tirsdag 28. februar 2012

Master studies

So much to choose from! I haven't decided who and what I want to study yet, but I am happy to just feast my eyes at the moment. 

Egon Schiele:

Edvard Munch:

John Bauer:


Hippolyte Delaroche:

Gustav Klimt:

 Tove Jansson:

Theodor Kittelsen

mandag 20. februar 2012

Gladiator progress again

Finished the textures of my fellow today. 

I might do a couple more details, with a few triangles and a lot of time to spare. I'm also working on some props for him.

He looks a bit sad. :( 

lørdag 18. februar 2012

Interesting character project

For my interesting character project, I thought I might do Milorg-soldiers because they were pretty bad ass, and because the scars of World War 2 are very visible in Norway even today, and we also learn a lot about it in history class, and so it is a subject very close to my heart.

This is a picture from the center of my home town after it was air bombed by nazis who thought King Haakon VII was there (he was in the neighbouring city).

Norway, or Festung Norvegen as the germans dubbed the country, was occupied by nazi germany from 1940-1945, but the germans were never welcomed by the sparse population, and faced both civil and military resistance.

Milorg (Military Organisation) was an organisation formed in Norway by soldiers, officers and even common people, and was the main resistance movement within Norway during the German occupation from 1940 to 1945. At first they operated by themselves locally, but eventually they started to co-operate, and already by autumn 1940 had managed to build an organisation that covered the entire country, and during 1941 started co-operating with the high command of the Norwegian government, which at the time was in exile in Great Britain.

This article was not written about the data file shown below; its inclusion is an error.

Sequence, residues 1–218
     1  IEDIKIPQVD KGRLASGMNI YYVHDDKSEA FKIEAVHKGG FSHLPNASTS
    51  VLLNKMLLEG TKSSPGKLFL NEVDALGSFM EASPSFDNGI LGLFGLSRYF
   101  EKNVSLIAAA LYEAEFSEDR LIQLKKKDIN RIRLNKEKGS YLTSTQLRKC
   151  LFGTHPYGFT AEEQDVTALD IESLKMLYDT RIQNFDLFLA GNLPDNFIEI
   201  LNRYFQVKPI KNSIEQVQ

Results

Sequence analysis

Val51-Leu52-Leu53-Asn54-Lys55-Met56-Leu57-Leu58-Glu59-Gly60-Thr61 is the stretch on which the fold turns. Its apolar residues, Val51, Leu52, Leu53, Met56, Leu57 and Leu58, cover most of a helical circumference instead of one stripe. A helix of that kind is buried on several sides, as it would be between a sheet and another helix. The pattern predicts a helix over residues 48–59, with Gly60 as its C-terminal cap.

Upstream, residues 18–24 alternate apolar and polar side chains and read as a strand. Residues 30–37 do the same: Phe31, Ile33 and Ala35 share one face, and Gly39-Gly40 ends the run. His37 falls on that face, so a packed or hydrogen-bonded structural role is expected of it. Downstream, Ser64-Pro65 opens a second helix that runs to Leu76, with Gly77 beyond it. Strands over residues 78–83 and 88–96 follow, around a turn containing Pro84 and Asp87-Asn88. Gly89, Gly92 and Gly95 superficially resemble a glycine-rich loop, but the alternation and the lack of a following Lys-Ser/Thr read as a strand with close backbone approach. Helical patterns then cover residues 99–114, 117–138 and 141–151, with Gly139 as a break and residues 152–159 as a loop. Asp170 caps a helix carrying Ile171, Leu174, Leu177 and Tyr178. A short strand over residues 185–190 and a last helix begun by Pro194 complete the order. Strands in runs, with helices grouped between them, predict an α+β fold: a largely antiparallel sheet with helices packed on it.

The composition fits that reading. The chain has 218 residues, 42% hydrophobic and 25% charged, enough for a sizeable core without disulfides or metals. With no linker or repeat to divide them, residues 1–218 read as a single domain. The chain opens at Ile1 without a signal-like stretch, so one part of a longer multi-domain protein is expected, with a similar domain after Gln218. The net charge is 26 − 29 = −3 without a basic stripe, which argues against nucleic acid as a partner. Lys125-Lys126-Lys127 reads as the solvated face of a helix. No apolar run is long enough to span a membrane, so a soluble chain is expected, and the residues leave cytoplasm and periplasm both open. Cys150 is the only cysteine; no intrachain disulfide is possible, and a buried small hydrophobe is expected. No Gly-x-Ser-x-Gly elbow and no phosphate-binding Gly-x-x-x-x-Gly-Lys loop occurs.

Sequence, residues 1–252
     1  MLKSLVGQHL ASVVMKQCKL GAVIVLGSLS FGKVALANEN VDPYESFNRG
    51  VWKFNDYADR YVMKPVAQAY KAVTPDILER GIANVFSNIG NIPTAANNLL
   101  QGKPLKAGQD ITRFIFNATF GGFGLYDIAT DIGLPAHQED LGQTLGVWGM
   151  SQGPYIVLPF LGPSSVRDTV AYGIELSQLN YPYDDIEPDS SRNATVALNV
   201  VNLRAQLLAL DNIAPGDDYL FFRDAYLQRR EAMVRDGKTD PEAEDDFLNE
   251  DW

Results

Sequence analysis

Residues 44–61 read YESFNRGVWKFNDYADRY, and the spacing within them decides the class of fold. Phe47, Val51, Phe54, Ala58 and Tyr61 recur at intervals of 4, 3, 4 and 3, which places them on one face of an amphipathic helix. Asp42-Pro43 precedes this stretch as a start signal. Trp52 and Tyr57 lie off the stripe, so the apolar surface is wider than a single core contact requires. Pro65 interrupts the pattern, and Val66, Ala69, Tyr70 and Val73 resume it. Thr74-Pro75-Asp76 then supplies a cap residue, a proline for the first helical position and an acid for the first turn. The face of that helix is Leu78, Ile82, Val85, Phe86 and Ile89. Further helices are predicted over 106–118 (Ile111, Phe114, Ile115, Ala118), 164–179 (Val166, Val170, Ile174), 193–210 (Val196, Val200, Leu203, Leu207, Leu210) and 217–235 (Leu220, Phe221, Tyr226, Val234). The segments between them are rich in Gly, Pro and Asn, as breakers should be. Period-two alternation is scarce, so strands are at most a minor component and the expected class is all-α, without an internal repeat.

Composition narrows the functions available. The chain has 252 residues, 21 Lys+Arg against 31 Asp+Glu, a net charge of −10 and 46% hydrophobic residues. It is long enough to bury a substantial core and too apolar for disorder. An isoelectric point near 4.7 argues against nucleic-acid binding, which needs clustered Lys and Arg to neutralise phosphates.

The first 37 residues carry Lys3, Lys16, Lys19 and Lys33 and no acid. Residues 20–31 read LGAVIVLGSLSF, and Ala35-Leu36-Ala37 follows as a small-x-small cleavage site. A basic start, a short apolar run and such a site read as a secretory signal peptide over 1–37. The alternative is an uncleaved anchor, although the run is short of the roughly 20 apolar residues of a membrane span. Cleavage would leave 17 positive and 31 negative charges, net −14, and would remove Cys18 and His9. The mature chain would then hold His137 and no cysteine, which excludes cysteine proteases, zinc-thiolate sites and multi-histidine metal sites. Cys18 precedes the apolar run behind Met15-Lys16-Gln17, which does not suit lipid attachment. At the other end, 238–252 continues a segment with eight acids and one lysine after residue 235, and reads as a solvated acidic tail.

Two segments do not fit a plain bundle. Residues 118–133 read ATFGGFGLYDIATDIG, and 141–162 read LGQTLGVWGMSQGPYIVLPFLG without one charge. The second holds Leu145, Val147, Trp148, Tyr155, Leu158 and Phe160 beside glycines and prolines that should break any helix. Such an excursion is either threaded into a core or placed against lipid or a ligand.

The government communicated with the forces at home via radios, kept out in the fields so that the germans wouldn't find them. 

The organisation was built with the premise of preparing liberation of the country, maintaining peace and order if the german rule collapsed, and to support an eventual allied invasion. By the end of the war the organisation consisted of abouts 40 000 soldiers.

During the war, the military resistance-groups performed armed resistance in the form of sabotage, commando raids, intelligence gathering, espionage, assassinations, destruction of german war ships, transport of goods, release of Norwegian prisoners, and escort for citizens fleeing the border to Sweden, but they had to keep a low profile because the occupants would punish innocent civilians for their actions.
The german prison transport ship "Donau," sunken by mines placed by Norwegian saboteurs.

Their most notable feat is probably their sabotage of heavy water plants, which kept the nazis from obtaining heavy water which they could make nuclear weapons from.

Blah blah blah.

The colour pictures are from the movie Max Manus. The rest are old propaganda posters, photos and newspaper clippings.

For good measure, the trailer for Max Manus, a movie about the life of an actual Norwegian resistance soldier. Going to watch it again for this project if I can get hold of a copy.

onsdag 15. februar 2012

Gladiator progress

 I thought I would base my gladiator on australian aboriginals and maoris. It might be a bit outside the project brief but I'll ask Heather if it's okay on monday.


torsdag 9. februar 2012

Funding games with Kickstarter

As previously stated, funding is one of the biggest challenges in the game industry today and big games are massively expensive to make. Developers rely on loans or publishers that can push the game from the quirky and into something more mainstream.

Double Fine is the studio behind AAA titles Psychonauts (which I always keep talking about because it's my favourite game ever) and Brutal Legend and smaller titles like Stacking and Costume Quest, and they are doing something interesting in this regard right now.

Brutal Legend

They're raising the funds for the development of a game with a Kickstarter.

I've only ever seen comic artists fund prints of their work this way, so this is cool.

So rather than let publishers push them around and risk big loans, they let the public donate, thus allowing the public democraticaly decide what game they'd like to see made. It's a smaller game they're developing, a point and click-adventure, but it's still interesting to see a bigger studio trying other means of raising funds like this.

Throughout the making of the game, Double Fine will be making video series documenting the production and at the minimum donation of $15 you get access to these. Now, I am only a poor student, but I'm definitely going to donate that because I hope the videos might offer some insight into the processes of professional game development.